But even though there has been a Muslim presence in Norway since the late 1960s, Norwegians weren’t really exposed to Islamic values until the late 1980s when Ayatollah Khomeini issued a fatwa on the author Salman Rushdie, and the Muslim community in Norway started to express public support for the fatwa. This caused many Norwegians to take a less favourable view of the religion and its practitioners. The democratic nature of the Muslim community — or the lack thereof — became even more apparent when the publishing company, Aschehoug translated The Satanic Verses into Norwegian. This decision prompted the Muslims to stage huge demonstrations in which thousands took to the streets in Oslo and demanded that the book be withdrawn from Norwegian bookshelves, and that anyone involved with the distribution of the book should be punished.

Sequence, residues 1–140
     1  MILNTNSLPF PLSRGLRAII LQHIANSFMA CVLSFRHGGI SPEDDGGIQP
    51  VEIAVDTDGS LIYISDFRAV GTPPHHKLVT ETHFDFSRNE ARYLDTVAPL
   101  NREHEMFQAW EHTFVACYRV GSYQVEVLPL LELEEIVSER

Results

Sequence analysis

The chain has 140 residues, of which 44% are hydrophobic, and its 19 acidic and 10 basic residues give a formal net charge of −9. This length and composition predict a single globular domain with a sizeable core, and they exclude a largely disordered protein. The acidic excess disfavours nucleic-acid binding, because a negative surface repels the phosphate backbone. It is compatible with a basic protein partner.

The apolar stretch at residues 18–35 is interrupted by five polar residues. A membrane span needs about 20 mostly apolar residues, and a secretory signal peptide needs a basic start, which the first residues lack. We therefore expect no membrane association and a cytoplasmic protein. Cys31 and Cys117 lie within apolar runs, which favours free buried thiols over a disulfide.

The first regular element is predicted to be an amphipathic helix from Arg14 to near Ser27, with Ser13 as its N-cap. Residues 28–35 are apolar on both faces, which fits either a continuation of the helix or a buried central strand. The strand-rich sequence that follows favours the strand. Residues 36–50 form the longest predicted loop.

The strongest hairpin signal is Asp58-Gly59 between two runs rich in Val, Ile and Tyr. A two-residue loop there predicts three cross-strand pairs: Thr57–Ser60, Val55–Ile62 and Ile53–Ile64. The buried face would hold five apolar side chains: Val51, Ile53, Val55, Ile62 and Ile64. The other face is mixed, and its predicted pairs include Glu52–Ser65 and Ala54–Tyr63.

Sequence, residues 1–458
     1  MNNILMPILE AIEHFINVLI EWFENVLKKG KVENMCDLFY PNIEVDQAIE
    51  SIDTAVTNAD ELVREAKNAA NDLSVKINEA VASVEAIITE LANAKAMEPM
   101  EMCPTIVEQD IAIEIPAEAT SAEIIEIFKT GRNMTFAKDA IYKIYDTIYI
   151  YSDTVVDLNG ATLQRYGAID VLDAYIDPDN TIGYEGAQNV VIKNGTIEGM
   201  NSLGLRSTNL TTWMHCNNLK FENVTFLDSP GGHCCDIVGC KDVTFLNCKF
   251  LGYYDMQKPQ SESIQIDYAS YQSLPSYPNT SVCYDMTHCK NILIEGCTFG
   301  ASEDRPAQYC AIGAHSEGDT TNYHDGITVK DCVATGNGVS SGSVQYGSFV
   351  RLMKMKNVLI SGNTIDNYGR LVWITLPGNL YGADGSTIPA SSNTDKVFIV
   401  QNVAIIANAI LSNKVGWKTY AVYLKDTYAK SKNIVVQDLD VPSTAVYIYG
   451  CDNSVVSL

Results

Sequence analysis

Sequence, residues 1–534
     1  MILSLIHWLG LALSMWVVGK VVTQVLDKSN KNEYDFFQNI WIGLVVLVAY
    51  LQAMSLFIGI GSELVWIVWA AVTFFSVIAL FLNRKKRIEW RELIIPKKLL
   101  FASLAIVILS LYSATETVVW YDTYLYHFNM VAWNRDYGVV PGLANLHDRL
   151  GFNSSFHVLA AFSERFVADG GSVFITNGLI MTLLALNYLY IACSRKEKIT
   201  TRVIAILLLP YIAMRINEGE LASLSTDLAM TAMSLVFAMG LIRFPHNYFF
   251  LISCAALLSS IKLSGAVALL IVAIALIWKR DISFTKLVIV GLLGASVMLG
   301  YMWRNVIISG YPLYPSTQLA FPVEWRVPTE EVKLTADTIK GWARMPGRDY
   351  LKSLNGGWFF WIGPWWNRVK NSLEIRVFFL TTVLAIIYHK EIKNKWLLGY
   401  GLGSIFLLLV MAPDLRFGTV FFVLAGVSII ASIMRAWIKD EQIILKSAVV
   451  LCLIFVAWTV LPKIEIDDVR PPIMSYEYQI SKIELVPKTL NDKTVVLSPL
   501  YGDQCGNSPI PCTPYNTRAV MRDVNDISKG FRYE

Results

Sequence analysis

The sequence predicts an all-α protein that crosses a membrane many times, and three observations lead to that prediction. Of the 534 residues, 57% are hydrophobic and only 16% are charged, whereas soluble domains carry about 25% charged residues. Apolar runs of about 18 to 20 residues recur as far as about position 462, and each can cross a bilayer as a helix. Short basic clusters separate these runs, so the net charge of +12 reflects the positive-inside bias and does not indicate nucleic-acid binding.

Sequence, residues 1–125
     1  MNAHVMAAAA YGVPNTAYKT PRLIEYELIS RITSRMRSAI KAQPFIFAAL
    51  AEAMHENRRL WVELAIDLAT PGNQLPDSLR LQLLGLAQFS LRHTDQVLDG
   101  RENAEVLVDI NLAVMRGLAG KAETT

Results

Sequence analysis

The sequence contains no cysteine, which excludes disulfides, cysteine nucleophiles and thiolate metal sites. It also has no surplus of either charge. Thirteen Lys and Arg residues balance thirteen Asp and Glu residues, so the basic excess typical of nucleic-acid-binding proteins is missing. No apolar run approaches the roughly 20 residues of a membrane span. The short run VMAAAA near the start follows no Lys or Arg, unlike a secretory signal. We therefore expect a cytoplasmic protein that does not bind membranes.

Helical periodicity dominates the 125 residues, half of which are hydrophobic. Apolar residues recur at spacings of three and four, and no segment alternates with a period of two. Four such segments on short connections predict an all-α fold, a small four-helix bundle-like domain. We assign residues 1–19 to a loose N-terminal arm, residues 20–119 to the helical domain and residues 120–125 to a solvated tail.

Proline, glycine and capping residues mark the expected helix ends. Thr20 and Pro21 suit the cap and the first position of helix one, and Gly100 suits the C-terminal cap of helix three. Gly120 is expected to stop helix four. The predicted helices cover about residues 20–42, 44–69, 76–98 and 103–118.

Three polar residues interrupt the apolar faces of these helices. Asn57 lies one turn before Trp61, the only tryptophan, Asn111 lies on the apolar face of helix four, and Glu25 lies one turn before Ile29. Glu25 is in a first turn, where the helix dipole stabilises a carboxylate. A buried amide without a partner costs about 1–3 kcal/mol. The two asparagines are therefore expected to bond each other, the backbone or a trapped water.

And as this newspaper article shows, the police in Norway decided to take these threats seriously:

Due to security concerns the book was printed at a secret location, and the police implemented various safety measures for the people involved with the publishing of the book. Because in the aftermath of the release unrest followed in several countries: threats, firebombing of bookstores, killings and violent demonstrations that ended in riots. In the period between February and May 1989 there were demonstrations in Oslo, Mumbai, Stockholm, Bonn, Bangkok, Karachi, Srinagar and Rotherham.

Here’s a chronological list detailing the events that took place in Norway: